While moving to a new ERP is a major undertaking for any business, it has the potential to solve most of a manufacturing business’s biggest challenges. In particular, an ERP can deliver:

  • Data-driven decision-making, through AI_powered predictions and business insights.
  • Increased efficiency across all operations and processes, through AI and automation.
  • Flexible working, with cloud-based solutions that can be accessed any time, anywhere, via any device.
  • Scaleable operations, with the ability to handle more customer transactions and complex order tracking.

But don’t just take our word for it. See how Queensland based manufacturer, SGESCO-MAX achieved all of the above, by implementing Wiise.


4. How SGESCO-MAX adapted to change with Wiise ERP

In 2020, Scott McPherson joined SGESCO-MAX – vehicle safety and monitoring solutions company, set-up by his father, in 1962.

Scott saw a lot of opportunity to grow the company, including pivoting from installing its safety products, to manufacturing them. But it was clear none of this would be possible without a serious overhaul of its business software.

Scott’s father had invested in a cutting-edge Wang computer system in the mid-1980’s – but, almost 40 years on, the ‘green screen’ system was officially holding the business back.

“The system just wasn’t built to handle manufacturing. We couldn’t manage assembly orders and had no data to help us plan for capacity – to tell us how many jobs we could handle or how much money we could make.”

Scott McPherson, SGESCO-MAX

Within a year of implementing Wiise ERP, Scott and his teams started reaping the benefits:

  • Huge time-savings – faster processes saved staff across the business up to 2,500 hours a year.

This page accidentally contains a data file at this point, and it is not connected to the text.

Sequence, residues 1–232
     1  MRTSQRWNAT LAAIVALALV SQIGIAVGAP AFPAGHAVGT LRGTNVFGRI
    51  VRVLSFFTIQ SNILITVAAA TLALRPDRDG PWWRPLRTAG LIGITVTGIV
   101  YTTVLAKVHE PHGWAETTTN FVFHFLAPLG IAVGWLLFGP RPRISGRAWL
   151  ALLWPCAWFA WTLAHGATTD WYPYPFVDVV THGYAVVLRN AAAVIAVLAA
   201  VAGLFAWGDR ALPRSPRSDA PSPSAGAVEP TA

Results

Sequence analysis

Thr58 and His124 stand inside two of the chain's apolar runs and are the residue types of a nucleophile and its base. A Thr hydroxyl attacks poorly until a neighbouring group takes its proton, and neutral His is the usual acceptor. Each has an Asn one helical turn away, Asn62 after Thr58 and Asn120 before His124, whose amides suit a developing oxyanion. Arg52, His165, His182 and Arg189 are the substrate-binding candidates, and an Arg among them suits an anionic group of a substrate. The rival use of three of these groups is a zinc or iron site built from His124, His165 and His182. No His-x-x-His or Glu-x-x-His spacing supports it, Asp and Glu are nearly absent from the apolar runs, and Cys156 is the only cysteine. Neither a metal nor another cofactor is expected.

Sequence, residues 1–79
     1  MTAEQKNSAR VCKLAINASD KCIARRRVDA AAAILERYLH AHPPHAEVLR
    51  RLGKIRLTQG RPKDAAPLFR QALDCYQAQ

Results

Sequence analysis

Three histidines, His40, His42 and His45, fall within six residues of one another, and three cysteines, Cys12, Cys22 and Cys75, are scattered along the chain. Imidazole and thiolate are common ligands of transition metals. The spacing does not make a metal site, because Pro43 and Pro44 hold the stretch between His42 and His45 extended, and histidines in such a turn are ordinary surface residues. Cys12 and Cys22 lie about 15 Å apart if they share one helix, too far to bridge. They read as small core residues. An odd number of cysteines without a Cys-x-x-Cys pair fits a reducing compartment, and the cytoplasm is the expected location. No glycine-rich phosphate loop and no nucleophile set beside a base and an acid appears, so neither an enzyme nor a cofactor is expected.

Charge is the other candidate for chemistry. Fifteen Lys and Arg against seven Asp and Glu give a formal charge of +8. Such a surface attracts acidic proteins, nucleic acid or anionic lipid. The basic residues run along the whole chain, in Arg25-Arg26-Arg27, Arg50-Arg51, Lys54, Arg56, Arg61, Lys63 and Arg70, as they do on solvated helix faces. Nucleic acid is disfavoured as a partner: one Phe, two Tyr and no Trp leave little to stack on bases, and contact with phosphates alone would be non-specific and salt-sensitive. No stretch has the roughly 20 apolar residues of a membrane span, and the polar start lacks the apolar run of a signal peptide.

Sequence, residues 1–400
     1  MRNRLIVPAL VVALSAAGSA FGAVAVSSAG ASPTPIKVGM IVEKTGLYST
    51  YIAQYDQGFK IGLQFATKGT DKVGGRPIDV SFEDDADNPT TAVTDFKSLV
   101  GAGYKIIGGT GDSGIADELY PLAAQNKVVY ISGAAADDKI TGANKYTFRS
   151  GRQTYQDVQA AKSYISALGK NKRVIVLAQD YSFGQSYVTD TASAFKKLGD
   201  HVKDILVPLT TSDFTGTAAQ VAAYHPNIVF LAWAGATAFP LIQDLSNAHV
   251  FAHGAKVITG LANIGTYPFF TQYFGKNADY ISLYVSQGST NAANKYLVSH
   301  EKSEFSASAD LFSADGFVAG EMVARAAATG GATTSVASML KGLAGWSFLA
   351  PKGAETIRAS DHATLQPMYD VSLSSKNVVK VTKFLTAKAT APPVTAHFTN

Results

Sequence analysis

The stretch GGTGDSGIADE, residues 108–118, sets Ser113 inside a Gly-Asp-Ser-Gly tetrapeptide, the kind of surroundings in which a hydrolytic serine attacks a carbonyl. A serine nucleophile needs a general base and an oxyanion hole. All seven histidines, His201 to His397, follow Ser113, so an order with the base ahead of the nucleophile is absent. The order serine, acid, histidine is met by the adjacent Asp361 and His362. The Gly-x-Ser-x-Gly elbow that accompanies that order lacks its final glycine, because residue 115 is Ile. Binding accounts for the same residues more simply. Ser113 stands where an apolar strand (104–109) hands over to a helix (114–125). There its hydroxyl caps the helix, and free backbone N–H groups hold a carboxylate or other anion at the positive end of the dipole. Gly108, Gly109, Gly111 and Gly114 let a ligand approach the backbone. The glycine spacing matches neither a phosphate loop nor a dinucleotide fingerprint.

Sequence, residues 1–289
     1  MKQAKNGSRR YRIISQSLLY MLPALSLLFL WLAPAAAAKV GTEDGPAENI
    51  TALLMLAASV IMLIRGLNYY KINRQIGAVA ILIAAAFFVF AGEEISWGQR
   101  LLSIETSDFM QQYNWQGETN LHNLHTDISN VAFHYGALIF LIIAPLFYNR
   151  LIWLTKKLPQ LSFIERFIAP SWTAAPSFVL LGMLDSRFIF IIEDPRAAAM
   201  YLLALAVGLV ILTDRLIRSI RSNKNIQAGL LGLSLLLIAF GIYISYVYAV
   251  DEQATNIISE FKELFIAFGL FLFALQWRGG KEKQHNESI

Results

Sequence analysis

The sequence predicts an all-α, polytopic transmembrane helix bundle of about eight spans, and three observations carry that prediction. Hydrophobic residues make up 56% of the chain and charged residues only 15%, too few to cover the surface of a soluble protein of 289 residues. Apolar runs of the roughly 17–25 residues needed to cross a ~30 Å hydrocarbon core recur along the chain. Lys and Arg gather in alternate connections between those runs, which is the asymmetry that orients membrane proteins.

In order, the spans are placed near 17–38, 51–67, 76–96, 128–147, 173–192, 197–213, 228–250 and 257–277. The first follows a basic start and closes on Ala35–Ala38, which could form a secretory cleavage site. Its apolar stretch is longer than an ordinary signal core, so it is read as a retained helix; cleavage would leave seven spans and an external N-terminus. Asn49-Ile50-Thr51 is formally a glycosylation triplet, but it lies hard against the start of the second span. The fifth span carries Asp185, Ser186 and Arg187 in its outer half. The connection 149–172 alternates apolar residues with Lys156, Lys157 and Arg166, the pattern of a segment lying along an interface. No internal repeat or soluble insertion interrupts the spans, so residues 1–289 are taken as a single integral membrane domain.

• Real-time capacity planning – instant, detailed reporting enabling Scott to plan utilisation, forecasting and profitability on a per-job basis.
  • Key manufacturing functionality – including managing the company’s BOM, assemblies and sub-assemblies.
  • Native integrations – including the Shopify connector, enabling Scott to launch a new online store and Microsoft integrations, linking data directly from Dynamics CRM and Power BI to Wiise reporting tools.

Scott’s verdict?

“We could not have achieved everything that we have, in such a short period of time without Wiise. The investment has been absolutely critical to the survival and scalability of our business.”

Scott McPherson, SGESCO-MAX

5. What to look for in a manufacturing ERP

Like most industries, manufacturing has its own unique requirements – and industry-specific functionality should be a priority when researching which ERP system is best for your business.
Wiise ERP offers an array of essential tools designed to help manufacturers build resilience and grow their businesses faster:

  • See total manufacturing costs – dimensional reporting enables you break down materials, machine time, labour and landed costs, to see your true profit margins. Wiise has built in functionality like landed costing, you can see the true cost of your raw materials and understand your cost of production accurately.
  • Version management control – record changes and test new designs under development, enabling you to track and manage production more accurately.
  • Capacity planning – see detailed information on resource and component availability, manage teams and utilisation with production calendars.
  • Multi-level bills of materials – define material design and cut down on time and admin for your teams.
  • Predict supply and demand – with AI-powered insights and your sales, production, purchasing, forecasting and operations fully integrated, Wiise lets you see (and manage) your end-to-end processes. 

6. Time to modernise your manufacturing business

A lot has changed – and, with tighter regulations and increased costs on the horizon, now is a great time for Australian manufacturers to build resilience into their businesses and gain a competitive edge. 


Ready to learn more?

Book a demo call with one of our friendly team members.

Book a demo